The trillion euro sugar rush that made Q1 the best start to the year for global stocks in more than a decade has already worn off, but what is most striking is not how quickly it ended. It’s how little the economic outlook has changed.
The focus is already on the euro zone finance ministers meeting in Copenhagen, starting on Friday, which is likely to agree to some form of extra funds for the currency bloc’s future bailout fund. What they come up with will go a long way to determining whether markets scent any faltering commitment on the part of Europe’s leaders.
from Mike Dolan:
Just one look at the whoosh higher in global markets in January and you'd be forgiven smug faith in the hoary old market adage of "Don't fight the Fed" -- or to update the phrase less pithily for the modern, globalised marketplace: "Don't fight the world's central banks". (or "Don't Battle the Banks", maybe?)
By Jean-Claude Trichet
The views expressed are his own.
PARIS – Whenever people seek a justification for European integration, they are always tempted to look backwards. They stress that European integration banished the specter of war from the old continent. And European integration has, indeed, delivered the longest period of peace and prosperity that Europe has known for many centuries.
from Global Investing:
"Will no one rid me of this turbulent central banker?" Hungarian Prime Minister Viktor Orban may not have voiced this sentiment but since he took power last year he is likely to have thought it more than once. Increasingly, the spat between Orban's government and central bank governor Andras Simor brings to memory the quarrel England's Henry II had with his Archbishop of Canterbury, Thomas Becket, over the rights and privileges of the Church almost 900 years ago. Simor stands accused of undermining economic growth by holding interest rates too high and resisting government demands for monetary stimulus. The government's efforts to sideline Simor are viewed as infringing on the central bank's independence.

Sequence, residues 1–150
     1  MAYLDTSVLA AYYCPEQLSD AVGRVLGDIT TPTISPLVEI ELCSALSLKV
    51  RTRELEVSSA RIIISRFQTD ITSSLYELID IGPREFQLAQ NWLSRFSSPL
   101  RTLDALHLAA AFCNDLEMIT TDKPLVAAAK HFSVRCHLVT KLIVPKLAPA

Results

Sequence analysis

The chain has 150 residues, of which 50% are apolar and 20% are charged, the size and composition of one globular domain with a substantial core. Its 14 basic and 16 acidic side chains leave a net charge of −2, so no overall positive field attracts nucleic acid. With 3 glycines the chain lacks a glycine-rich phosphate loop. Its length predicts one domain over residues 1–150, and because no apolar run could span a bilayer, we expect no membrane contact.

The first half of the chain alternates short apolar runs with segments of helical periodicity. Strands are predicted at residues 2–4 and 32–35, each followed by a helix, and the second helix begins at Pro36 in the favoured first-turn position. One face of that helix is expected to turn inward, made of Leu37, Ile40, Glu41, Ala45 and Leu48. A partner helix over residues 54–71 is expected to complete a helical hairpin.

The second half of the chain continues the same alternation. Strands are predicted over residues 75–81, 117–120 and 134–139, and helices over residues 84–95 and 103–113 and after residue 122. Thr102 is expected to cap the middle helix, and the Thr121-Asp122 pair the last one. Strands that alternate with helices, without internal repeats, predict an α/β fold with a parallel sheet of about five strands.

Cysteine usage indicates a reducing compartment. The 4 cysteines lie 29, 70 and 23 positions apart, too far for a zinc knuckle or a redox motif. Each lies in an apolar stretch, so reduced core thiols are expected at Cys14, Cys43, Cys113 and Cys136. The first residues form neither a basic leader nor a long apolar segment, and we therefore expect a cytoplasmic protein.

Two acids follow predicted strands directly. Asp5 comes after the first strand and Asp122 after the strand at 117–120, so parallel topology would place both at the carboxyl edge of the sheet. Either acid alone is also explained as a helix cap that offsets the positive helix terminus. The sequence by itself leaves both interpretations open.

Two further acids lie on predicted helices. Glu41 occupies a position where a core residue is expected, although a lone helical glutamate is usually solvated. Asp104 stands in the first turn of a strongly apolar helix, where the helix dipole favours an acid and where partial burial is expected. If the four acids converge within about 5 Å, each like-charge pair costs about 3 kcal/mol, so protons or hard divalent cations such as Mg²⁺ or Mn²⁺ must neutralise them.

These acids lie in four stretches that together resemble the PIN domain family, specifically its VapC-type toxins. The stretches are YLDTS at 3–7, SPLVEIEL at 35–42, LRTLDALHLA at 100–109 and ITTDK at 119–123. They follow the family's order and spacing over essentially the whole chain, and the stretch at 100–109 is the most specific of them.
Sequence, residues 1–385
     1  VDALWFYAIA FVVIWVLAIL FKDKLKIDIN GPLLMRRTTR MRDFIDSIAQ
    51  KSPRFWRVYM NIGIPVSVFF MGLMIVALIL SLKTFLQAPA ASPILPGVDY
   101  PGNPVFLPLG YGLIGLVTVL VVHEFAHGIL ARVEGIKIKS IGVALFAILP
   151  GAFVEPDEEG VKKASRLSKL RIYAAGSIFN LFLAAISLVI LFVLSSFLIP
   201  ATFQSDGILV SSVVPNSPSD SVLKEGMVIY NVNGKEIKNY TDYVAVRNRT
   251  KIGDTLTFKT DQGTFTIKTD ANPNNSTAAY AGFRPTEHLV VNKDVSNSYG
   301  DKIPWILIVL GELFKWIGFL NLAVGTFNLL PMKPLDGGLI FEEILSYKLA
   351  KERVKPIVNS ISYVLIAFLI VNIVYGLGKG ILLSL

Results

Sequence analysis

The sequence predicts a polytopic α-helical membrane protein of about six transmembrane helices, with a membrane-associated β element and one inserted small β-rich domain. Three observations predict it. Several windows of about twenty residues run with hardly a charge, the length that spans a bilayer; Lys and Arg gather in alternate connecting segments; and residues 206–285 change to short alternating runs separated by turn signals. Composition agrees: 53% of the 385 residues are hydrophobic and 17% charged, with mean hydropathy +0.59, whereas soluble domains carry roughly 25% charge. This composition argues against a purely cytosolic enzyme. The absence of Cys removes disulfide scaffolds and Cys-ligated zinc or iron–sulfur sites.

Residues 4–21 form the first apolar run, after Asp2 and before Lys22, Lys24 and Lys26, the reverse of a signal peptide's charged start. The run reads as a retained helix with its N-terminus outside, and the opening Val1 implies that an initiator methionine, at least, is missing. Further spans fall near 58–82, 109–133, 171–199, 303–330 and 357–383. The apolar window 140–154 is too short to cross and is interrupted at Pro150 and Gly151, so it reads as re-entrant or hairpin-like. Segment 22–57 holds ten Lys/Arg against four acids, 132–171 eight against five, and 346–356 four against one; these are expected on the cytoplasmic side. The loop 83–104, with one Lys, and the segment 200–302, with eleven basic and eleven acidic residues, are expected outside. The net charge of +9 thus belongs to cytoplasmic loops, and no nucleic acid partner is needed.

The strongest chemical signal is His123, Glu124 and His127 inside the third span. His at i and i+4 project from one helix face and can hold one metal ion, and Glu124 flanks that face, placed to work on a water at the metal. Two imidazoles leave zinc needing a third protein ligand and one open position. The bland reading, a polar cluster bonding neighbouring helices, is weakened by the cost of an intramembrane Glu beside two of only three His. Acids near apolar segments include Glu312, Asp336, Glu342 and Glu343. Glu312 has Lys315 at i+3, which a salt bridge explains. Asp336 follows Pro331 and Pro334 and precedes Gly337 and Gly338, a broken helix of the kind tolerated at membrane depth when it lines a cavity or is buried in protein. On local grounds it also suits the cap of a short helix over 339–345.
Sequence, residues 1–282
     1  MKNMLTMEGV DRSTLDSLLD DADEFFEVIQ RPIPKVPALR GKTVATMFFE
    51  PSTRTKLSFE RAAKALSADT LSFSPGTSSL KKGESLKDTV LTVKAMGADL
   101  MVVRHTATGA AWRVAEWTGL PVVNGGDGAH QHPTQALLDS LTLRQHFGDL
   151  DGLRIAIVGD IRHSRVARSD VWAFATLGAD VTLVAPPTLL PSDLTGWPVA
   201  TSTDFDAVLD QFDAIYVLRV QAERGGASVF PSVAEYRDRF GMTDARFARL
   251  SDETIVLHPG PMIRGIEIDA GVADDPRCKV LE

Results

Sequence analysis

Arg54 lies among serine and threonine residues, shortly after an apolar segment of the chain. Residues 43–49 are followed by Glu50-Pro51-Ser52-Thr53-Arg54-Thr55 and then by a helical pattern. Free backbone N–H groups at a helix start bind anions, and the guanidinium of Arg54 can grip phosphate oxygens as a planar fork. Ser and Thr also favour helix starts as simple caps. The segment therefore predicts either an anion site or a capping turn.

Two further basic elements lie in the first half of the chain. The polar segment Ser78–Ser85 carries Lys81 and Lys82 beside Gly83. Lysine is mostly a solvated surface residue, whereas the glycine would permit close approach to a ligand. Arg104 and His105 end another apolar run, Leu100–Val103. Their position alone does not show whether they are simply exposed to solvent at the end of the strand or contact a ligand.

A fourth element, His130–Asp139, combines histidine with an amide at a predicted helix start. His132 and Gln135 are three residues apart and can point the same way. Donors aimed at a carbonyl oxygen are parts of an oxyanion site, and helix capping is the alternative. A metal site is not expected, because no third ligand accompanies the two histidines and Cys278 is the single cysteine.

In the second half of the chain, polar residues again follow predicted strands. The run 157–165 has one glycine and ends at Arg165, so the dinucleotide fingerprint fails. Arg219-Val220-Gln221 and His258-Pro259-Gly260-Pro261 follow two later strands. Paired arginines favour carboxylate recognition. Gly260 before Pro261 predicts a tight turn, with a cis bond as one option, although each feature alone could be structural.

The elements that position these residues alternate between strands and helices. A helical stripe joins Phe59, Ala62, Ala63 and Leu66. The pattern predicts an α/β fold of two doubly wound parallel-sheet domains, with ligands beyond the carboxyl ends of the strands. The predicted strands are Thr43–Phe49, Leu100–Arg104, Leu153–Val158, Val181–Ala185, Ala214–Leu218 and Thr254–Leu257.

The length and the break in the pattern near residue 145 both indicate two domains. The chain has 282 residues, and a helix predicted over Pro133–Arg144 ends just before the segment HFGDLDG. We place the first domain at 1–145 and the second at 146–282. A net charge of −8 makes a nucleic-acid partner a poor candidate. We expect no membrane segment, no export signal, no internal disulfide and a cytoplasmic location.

All four Federal Reserve policymakers who dissented on U.S. central bank policy this year will lose their votes next year. That could make the New Year full of love, but not necessary free from dissent, Dallas Fed President Richard Fisher joked on Friday.
from Global Investing:
Holding your breath for instant and comprehensive European Union policies solutions has never been terribly wise. And, as the past three months of summit-ology around the euro sovereign debt crisis attests, you'd be just a little blue in the face waiting for the 'big bazooka'. And, no doubt, there will still be elements of this latest plan knocking around a year or more from now. Yet, the history of euro decision making also shows that Europe tends to deliver some sort of solution eventually and it typically has the firepower if not the automatic will to prevent systemic collapse.
And here's where most global investors stand following the "framework" euro stabilisation agreement reached late on Wednesday. It had the basic ingredients, even if the precise recipe still needs to be nailed down. The headline, box-ticking numbers -- a 50% Greek debt writedown, agreement to leverage the euro rescue fund to more than a trillion euros and provisions for bank recapitalisation of more than 100 billion euros -- were broadly what was called for, if not the "shock and awe" some demanded. Financial markets, who had fretted about the "tail risk" of a dysfunctional euro zone meltdown by yearend, have breathed a sigh of relief and equity and risk markets rose on Thursday. European bank stocks gained almost 6%, world equity indices and euro climbed to their highest in almost two months in an audible "Phew!".
A new Brookings Institution report from the self-appointed Committee on International Economic Policy and Reform suggests that, given a spotty recent record, supervisors and policymakers at the world’s top central banks need to be watched themselves. The group of 16 high-profile economists and financial experts, which includes former Brazilian central bank chief Arminio Fraga, Berkeley professor Barry Eichengreen, Harvard’s Kenneth Rogoff and Mohamed El-Erian from Pimco, proposes a new international watchdog that might ensure actions taken by individual countries are coordinated and smoothed out:
from Global Investing:
Food and electricity bills are high. The cost of filling up at the petrol station isn't coming down much either. The U.S. economy is in trouble and suddenly the job isn't as secure as it seemed. Maybe that designer handbag and new car aren't such good ideas after all.